China makes it harder for its Muslim citizens to go to Mecca, or anywhere else

China is intensifying its efforts to prevent its Muslim citizens from undertaking the Hajj, a once-in-a-lifetime pilgrimage to Mecca, through increased surveillance and restrictions on travel.

The problem: China has been making it increasingly difficult for its Muslim residents to go on Hajj.
* While on their trip to Mecca, a group of six Chinese Muslims reported fears of having their passports confiscated or being punished upon their return to China.
* Chinese authorities have been restricting practicing religions and have severely cracked down on Christianity and Islam.

Why it’s happening: Concerns about religious radicalization have caused Chinese authorities to lessen travel permissions for Muslim citizens.
* The government is cutting off almost all exit pathways for Muslims, citing fears that these travelers might be radicalized abroad or increase religious fervor in China upon their return.
* Authorities are surveilling and stopping travelers bound for Islamic countries and bullying pilgrims already abroad to return home. Private Hajj arrangements falling outside of state-authorized tours have caused some to be detained or arrested when they return to China.

The hurdles: Obtaining passports and organizing travel arrangements present major challenges.
* Chinese authorities have been restricting new passport issuances; the Muslim population, estimated at between 20 million and 30 million, faces particular hardship in this regard.
* Authorities in the northwestern Chinese province of Qinghai reportedly halt new passport issuances for Uyghur or Hui residents, who are primarily Muslims. This measure reflects controls put in place in the western Xinjiang region where passports began to be confiscated from Uyghur citizens in 2016, a year before a widespread detention campaign targeting largely Uyghur communities.

Impact on believers: Despite the government crackdown and surveillance, Muslim believers are finding ways to undertake their pilgrimage.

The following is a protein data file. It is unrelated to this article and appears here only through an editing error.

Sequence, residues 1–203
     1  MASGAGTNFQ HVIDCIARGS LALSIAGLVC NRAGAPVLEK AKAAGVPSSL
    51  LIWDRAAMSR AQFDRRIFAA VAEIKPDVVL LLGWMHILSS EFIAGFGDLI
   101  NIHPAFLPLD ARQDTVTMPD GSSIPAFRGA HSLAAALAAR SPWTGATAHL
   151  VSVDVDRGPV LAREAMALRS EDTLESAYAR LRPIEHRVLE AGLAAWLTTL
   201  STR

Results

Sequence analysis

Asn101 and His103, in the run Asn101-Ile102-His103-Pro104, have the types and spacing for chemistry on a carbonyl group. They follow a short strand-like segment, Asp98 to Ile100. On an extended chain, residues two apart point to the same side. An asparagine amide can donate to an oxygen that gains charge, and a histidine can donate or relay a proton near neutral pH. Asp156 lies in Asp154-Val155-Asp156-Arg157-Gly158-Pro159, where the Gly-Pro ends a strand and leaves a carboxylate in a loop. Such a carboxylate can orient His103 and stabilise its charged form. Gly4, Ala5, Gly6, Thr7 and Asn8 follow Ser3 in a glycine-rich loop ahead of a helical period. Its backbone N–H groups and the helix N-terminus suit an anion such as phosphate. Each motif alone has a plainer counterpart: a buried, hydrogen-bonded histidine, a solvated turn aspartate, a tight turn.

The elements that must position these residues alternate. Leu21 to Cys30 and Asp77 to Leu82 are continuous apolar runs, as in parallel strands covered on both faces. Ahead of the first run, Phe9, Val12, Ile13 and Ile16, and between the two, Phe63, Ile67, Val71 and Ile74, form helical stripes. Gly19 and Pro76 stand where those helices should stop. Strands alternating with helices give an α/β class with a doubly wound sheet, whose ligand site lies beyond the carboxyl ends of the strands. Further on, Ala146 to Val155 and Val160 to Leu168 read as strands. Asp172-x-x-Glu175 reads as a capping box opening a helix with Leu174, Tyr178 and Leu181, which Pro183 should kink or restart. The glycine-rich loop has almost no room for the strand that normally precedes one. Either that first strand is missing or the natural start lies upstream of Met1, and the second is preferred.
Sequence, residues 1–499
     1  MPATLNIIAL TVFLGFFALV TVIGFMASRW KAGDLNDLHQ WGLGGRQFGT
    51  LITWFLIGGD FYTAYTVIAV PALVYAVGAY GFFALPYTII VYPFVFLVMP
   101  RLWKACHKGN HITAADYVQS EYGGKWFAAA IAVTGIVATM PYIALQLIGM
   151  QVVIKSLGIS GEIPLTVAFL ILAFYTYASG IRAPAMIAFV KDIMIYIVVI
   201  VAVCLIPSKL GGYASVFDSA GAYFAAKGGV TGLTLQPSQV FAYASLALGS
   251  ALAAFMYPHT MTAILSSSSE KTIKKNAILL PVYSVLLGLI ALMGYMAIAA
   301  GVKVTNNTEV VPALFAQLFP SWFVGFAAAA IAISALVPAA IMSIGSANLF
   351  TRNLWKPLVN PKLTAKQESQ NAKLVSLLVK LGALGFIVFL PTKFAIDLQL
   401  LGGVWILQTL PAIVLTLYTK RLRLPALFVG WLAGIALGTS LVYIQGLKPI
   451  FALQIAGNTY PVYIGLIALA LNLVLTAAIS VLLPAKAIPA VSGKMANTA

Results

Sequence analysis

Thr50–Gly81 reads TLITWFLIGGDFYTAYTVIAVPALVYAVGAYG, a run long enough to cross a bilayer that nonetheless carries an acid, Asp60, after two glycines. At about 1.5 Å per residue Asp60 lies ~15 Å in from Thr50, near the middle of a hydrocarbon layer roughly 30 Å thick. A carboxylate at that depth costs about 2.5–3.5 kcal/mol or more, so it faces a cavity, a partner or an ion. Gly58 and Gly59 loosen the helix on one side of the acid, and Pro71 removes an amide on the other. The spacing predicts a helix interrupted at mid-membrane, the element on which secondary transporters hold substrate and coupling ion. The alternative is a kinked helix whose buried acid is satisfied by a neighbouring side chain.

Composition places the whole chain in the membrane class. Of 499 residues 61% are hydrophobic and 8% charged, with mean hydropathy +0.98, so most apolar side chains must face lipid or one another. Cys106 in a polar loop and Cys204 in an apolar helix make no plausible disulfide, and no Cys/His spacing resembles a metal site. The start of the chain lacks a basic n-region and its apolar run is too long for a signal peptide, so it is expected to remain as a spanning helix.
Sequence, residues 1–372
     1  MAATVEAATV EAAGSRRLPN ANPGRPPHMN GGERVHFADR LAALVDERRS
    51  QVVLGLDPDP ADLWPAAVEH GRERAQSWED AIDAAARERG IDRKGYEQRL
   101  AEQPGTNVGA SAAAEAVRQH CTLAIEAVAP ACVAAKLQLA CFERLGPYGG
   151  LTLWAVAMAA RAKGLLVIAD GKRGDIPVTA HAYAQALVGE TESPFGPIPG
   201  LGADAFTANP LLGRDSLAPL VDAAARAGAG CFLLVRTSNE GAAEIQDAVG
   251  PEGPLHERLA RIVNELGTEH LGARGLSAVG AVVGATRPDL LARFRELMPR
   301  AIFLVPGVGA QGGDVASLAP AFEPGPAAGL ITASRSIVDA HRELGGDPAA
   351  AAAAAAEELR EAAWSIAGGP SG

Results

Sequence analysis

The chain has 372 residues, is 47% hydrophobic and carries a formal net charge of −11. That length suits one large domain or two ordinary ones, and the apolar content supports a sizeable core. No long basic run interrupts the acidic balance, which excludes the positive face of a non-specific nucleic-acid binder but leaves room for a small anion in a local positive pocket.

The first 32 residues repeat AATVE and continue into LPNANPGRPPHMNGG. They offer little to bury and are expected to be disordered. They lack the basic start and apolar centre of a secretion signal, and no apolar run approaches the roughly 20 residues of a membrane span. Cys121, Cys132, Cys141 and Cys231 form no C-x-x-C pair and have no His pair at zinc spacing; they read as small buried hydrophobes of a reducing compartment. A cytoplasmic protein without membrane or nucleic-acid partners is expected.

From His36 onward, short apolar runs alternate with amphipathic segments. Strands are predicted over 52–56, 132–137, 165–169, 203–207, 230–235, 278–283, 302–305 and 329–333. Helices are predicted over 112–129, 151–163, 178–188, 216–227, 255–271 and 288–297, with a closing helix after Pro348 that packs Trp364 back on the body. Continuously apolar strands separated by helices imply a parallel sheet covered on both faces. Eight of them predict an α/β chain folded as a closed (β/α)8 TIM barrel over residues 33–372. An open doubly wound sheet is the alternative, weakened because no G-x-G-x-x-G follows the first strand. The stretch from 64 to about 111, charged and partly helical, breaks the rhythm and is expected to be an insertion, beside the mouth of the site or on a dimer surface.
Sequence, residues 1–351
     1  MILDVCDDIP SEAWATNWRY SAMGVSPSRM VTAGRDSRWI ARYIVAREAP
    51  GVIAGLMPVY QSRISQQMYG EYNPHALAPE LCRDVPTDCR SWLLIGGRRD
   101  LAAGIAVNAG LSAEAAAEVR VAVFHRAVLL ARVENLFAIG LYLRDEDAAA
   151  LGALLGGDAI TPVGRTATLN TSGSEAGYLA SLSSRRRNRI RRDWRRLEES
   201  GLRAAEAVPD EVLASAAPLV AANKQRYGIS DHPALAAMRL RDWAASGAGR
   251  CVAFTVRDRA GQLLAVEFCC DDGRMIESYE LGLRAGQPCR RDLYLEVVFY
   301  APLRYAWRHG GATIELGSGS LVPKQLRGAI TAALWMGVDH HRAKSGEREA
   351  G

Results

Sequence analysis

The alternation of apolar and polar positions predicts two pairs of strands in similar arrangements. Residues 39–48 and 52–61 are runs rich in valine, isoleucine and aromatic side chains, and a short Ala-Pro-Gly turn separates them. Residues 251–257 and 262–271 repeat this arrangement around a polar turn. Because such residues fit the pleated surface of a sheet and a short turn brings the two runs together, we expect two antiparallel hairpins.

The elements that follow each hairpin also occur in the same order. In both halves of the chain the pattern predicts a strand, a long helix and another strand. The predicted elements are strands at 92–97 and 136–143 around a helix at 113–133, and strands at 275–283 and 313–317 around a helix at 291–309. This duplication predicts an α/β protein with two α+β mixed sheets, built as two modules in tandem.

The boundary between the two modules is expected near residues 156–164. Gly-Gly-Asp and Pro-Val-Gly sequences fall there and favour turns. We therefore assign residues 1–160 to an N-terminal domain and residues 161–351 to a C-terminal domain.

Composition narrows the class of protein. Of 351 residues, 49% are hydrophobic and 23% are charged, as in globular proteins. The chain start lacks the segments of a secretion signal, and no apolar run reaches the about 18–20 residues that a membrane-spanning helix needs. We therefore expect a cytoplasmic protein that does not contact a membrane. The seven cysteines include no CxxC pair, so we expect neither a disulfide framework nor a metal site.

* The group of six pilgrims interviewed by NPR (National Public Radio) managed to secure their travel documents three years earlier by applying through a passport office several hundred miles from Qinghai province.
* They didn’t fly directly to Saudi Arabia but used an indirect route to avoid raising suspicion, dressed in athletic gear, and repeatedly fibbed about their intent for travel throughout their journey.

The aftermath: Once the pilgrimage is completed, the ordeal is not over as punitive consequences often await them at home.
* Even after leaving China, Hajj travelers continue to receive threatening phone calls from local police officers demanding they return immediately.
* The group of six pilgrims that NPR interviewed had to remove the batteries from their Chinese smartphones, for fear that their movements could be tracked by security officials in China or they would receive more threatening phone calls.

These actions underscore China’s efforts to control religious participation and expression among its Muslim citizens, both within China and beyond its borders. At the same time, it highlights the resilience and determination of faith believers to fulfill their religious duties despite the government’s draconic measures.

View original article on NPR

This summary was created by an AI system. The use of this summary is subject to our Terms of Service.

Contact us about this post






Leave a Reply

Your email address will not be published. Required fields are marked *